For the past few years one of the most prevalent bands in Boston has been Chicago transplants, Krill. The three-piece has quickly become one of the most beloved acts in town. They will soon be coming out with a new, as of yet untitled, album and begin a tour this week that will take them up and down the east coast, to the midwest, and up to Canada. You can catch them tonight, September 29, at Great Scott before they head out, and you probably should.

Krill’s take indie rock is dressed in quirk and charm. They sort of started with Tufts University friends Aaron Ratoff who plays guitar, and Luke Pyenson, the former drummer who left the band to go to grad school in London. But they also sort of started way before that.

“It’s not so clear,” said Jonah Furman who is Krill’s bassist and vocalist, about their origins. “There was the Sea Monsters, which Ian [Becker, the current drummer] and Aaron were in with three or four other kids in high school. Me, Aaron and Ian and our friend played together under a couple of names, just like two shows or something, the summer after high school. At some point there, the name Krill was thrown around as a joke about how the Sea Monsters have broken up so here are the remnants, Krill … I guess the name stuck around from there, but it was a totally different project.”

Once Pyenson departed, there was a chance Krill would cease to exist, but Becker moved to Boston to join.

“It was perfect, because I think if Ian didn’t want to join and it wasn’t perfect timing for him and his life, we would’ve stopped. I mean, the whole ‘Krill Forever’ joke is that the band was breaking up and we were going to have a song that was ‘Krill Forever’ [“Theme From Krill”], and by the time anybody had heard it, the band would be over,” said Furman. “But then we didn’t [break up], and that’s its own joke in a way. It wasn’t just like we needed another drummer. If Ian left it would be over. He was just the only other drummer we had ever played with … They’re both really good and have a sort of similar style.”

The band’s new album will be the first completely written and recorded by the current iteration of the band. Recorded at Sonelab in Western Massachusetts. Krill wanted to do something a little different than their prior two releases EP “Steve Hear Pile in Malden and Bursts into Tears,” 2013’s full length “Lucky Leaves,” and their debut, “Alam No Hris.”

“A lot of the songs are really long. When we were writing it, we often just started with one riff and just built from the ground up and made a really long composition,” said Becker. “We definitely put it together thinking about the songs and what order they would be in as an album.”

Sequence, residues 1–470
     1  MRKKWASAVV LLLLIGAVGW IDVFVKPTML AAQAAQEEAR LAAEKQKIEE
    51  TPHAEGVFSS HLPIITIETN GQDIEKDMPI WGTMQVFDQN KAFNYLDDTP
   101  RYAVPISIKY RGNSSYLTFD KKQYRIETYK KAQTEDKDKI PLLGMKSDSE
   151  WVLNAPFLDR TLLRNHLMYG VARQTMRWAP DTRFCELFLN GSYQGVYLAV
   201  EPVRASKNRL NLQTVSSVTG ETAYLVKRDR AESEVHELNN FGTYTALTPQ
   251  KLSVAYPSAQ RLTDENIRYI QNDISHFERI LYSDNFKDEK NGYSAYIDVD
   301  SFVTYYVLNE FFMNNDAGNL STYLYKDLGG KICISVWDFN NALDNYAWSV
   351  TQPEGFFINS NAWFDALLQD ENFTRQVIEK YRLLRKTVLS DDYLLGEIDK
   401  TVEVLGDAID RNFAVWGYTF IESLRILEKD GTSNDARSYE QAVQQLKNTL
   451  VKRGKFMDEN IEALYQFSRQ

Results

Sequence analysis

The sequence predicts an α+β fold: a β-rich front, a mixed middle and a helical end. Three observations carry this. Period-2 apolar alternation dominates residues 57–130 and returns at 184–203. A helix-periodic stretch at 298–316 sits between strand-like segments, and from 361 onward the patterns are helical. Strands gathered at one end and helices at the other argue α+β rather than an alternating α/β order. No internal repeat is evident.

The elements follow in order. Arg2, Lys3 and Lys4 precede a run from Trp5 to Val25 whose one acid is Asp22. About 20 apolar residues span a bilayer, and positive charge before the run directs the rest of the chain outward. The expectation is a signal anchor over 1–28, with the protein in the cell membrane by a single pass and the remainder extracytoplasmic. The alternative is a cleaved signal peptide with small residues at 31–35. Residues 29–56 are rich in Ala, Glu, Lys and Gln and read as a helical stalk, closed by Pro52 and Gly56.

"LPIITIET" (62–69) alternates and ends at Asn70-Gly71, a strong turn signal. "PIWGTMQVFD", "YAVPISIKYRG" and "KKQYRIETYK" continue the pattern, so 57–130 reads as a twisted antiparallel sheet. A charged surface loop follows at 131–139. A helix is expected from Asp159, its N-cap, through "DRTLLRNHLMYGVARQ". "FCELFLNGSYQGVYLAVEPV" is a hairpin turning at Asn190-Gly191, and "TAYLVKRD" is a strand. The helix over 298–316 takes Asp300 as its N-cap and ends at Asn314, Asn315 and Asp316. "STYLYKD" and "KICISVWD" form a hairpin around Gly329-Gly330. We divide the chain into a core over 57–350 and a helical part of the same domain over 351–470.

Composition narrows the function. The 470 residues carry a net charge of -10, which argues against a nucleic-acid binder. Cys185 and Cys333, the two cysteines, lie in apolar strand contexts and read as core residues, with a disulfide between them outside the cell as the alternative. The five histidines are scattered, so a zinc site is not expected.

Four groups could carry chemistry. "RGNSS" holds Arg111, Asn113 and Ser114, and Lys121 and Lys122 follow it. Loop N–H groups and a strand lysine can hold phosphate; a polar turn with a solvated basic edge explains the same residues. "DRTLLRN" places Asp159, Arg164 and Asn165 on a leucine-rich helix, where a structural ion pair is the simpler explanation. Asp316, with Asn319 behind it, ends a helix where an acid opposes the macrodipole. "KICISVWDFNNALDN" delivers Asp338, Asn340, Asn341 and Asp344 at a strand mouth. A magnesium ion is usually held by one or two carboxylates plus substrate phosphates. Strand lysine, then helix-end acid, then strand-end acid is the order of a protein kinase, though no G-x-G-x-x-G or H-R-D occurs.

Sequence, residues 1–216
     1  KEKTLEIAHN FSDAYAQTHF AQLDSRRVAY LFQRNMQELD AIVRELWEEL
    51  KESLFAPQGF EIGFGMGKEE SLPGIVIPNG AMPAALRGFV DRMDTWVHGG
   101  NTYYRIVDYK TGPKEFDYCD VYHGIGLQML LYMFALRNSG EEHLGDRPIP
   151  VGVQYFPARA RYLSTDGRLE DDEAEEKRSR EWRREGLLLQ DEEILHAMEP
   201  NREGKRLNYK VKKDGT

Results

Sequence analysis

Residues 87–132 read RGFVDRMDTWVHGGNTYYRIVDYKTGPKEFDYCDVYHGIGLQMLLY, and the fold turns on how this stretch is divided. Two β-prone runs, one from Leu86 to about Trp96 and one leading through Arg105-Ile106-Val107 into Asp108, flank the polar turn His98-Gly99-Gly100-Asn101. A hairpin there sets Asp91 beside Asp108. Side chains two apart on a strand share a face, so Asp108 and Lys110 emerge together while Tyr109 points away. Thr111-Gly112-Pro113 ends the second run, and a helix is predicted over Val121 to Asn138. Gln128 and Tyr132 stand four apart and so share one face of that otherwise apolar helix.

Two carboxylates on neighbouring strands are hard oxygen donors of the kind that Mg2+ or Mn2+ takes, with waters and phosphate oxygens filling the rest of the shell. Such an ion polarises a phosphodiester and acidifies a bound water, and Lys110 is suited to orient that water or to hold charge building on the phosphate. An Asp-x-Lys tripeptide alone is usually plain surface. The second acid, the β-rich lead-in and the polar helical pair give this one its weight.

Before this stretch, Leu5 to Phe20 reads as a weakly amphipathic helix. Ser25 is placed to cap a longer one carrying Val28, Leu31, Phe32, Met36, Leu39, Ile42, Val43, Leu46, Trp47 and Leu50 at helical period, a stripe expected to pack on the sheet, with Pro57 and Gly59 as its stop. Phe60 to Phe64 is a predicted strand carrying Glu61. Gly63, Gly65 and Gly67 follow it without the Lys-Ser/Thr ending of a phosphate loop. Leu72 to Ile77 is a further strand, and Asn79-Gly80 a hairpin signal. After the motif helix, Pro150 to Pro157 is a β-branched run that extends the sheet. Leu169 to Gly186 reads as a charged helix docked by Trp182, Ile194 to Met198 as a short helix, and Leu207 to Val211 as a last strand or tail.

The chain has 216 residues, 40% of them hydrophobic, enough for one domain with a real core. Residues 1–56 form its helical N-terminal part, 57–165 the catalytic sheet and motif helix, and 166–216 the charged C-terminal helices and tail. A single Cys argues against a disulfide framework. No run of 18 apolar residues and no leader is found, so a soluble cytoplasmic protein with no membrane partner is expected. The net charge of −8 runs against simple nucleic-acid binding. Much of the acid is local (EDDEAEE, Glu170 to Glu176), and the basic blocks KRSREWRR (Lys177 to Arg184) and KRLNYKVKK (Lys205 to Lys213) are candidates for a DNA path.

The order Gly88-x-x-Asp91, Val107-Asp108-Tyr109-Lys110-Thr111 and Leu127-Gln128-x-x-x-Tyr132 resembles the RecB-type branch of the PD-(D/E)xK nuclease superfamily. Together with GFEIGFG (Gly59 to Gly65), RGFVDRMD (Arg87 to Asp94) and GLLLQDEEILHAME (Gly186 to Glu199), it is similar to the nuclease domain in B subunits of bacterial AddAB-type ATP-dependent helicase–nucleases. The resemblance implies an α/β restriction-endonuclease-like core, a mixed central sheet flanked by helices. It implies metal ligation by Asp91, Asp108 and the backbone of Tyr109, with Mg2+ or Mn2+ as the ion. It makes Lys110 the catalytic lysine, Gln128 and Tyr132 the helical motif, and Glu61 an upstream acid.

Ratoff said the album represents an effort that’s more honed in.

“I think it’s really different … it’s like a little more complicated. The music is more composed. It feels like there is way more going on,” said Ratoff “It feels more ambitious. I think we all wanted to make something that was a statement, kind of. The last one was little bit more loose, this one is a little bit more focused.”

Furman said he was able to explore new themes with the new songs, fleshing out bigger ideas. With more time in each song, Furman is able to tell more intricate stories.

“It’s like 46 minutes and nine songs, so songs are average five minutes, and we’ve only ever had one song over five minutes before. Stuff is way longer, I think it demands a lot more of the listener which is a little risky, but definitely where we want to go. It’s still easy harmony and catchy music, and still rock and pop, or something like that,” said Furman. “I think it’s way more ambitious. The other stuff was a little two-dimensional in terms of lyrical content. I mean I think it was good, it was just that there were more parables … Instead of vignettes there more like short stories– there’s a lot more to unpack.”

The music is also very influenced by the city and the music community Krill has found themselves a part of. It’s hard to separate the band from places like Jamaica Plain and the Great Scott.

“I think [“Lucky Leaves”] was influenced a lot by JP and kind of changed a lot [because of] Boston bands they started to play with. This year, too, when we were writing the new album, so much of it owes a lot to [Boston],” said Becker. “Even musically when I hear it I’ll be thinking ‘Oh shit, in this one drum part I was totally thinking of this one part in a Pile song.’ We all feel pretty invested in the city and specifically the music scene.”

Though the band isn’t sure when the new album will be released, there is sure to be much fanfare surrounding it. Krill will also be doing a European tour in February to support the re-release of their album “Lucky Leaves.” Ratoff thinks that Krill is really hitting their stride as a band, which makes us all winners.

“It feels like we’ve been working harder, which is good. We’ve played a lot of shows recently and done a bunch of tours. It’s nice we have the opportunity to do that,” said Ratoff.